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The great RIA land grab

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There’s been a flurry of RIA acquisitions over the past year, and the trend shows little sign of slowing. Between 10 to 20 qualified buyers are lined up for every seller currently, according to industry estimates, and RIAs are willing partners. What’s behind the M&A frenzy?

From the seller’s perspective, consider the rapid shifts in the technology and regulatory landscape, Matt Straut, head of Oppenhimer Funds’ RIA group, told me at Schwab’s Impact conference in November.

“Twenty years ago, when I first started to work with RIAs, a large one was $100 million. It was a three- to four-person firm. It had an administrative assistant and a CRM and a phone. And that’s really all it needed,” Straut said. But now firms of all sizes require new tech tools to manage the increased complexity around tax optimization, rebalancing, asset selection and fees, he noted.
Those tools are expensive, Straut said. They must be must be purchased, maintained and leveraged. Then there are new regulations, which can be costly to implement. A deep-pocketed buyer can be an antidote.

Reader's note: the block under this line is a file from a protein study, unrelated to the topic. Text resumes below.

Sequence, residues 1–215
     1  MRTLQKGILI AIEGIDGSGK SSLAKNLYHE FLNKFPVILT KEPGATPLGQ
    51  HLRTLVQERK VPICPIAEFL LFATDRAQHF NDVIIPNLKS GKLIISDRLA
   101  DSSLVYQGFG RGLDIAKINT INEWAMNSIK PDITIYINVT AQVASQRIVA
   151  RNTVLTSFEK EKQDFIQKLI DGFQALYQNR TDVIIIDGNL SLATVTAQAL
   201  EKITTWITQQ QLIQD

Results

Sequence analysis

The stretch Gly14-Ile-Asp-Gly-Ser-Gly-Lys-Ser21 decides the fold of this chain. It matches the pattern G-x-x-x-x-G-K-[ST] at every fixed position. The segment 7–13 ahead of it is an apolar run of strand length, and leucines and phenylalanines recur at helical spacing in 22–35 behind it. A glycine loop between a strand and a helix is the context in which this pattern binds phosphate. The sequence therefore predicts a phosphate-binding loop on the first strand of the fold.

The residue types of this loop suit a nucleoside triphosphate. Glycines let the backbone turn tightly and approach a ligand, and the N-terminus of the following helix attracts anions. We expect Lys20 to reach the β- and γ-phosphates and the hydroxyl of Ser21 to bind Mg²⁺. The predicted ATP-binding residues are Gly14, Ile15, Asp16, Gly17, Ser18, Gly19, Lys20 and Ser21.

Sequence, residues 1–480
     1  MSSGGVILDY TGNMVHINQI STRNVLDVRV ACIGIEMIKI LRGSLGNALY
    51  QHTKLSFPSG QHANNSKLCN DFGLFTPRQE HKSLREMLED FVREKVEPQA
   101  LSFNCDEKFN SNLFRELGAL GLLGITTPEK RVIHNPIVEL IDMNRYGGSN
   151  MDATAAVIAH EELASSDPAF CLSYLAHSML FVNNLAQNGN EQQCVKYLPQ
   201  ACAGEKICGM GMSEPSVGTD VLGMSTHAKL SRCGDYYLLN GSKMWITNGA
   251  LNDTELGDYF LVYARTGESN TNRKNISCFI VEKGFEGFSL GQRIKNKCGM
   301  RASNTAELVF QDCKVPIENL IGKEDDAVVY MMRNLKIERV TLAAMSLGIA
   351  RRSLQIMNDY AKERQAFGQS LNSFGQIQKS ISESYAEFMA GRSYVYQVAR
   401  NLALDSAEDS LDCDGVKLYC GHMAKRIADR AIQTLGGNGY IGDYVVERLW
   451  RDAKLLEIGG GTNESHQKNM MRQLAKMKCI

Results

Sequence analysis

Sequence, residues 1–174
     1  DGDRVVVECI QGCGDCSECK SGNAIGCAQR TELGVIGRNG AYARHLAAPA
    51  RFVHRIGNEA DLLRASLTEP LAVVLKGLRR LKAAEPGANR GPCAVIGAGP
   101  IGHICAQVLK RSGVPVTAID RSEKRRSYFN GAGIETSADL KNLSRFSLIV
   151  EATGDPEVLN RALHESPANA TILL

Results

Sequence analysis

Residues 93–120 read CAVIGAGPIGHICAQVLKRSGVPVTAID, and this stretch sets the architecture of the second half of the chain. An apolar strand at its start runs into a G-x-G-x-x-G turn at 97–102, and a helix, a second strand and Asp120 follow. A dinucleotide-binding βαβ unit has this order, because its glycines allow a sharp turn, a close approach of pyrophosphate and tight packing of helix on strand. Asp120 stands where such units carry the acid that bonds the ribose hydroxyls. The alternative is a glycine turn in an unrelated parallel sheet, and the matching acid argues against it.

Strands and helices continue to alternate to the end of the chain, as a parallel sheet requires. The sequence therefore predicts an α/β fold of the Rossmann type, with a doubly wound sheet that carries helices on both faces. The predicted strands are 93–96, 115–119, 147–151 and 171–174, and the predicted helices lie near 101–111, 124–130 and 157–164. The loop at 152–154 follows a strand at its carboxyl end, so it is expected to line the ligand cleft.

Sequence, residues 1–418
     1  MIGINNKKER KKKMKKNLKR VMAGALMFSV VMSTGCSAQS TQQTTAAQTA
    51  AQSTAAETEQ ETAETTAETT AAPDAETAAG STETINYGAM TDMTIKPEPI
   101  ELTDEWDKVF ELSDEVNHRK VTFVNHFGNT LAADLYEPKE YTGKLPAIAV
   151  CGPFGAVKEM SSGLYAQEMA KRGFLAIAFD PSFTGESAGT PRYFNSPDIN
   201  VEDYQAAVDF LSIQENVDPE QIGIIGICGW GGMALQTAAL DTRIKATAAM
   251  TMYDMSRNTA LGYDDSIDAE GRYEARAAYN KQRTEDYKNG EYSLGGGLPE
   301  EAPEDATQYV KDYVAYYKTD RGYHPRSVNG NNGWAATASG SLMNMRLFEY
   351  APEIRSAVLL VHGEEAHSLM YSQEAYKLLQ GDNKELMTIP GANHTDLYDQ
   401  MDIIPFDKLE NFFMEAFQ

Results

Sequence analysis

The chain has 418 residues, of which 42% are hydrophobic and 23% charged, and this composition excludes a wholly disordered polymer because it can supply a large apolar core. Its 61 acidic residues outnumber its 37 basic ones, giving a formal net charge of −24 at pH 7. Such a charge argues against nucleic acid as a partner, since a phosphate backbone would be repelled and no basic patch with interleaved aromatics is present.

“If I’m at a smaller firm with fixed costs at X that are going to 2X, and I don’t have increased revenues to offset that, I’ve got a decision to make,” Straut said. “Do I bring someone in at yet more costs, or do I merge?”

As for buyers, they’re attracted like “bees to nectar” to RIAs’ recurring revenue, Charles Paikert writes in this month’s main feature, “Buying Spree.” Deal volume in 2017 was on track to set a new record exceeding 150 transactions, according to the most recent data.

Going into 2018, “demand to buy is clearly still very strong,” Paikert tells me. Even if the stock market has a sustained dip from 2017’s record highs, overall volume may decline, but “good, big firms will remain in high demand and will command high prices,” Paikert says.

A recession or prolonged market correction could throw sand in the gears, Paikert says. “But buyers think it may work to their advantage because sellers will be more desperate to get what they can while they can,” he adds.
Still, cheap credit has underpinned the boom, Paikert cautions. A spike in interest rates could dampen enthusiasm. In the meantime, however, RIAs must slow down and do extra due diligence when working with suitors.

“Sellers usually are involved with just one sale — their own — while buyers usually make many transactions and are much more experienced in M&A,” Paikert cautions. “So sellers often leave money on the table because they don’t realize their true value to buyers.”

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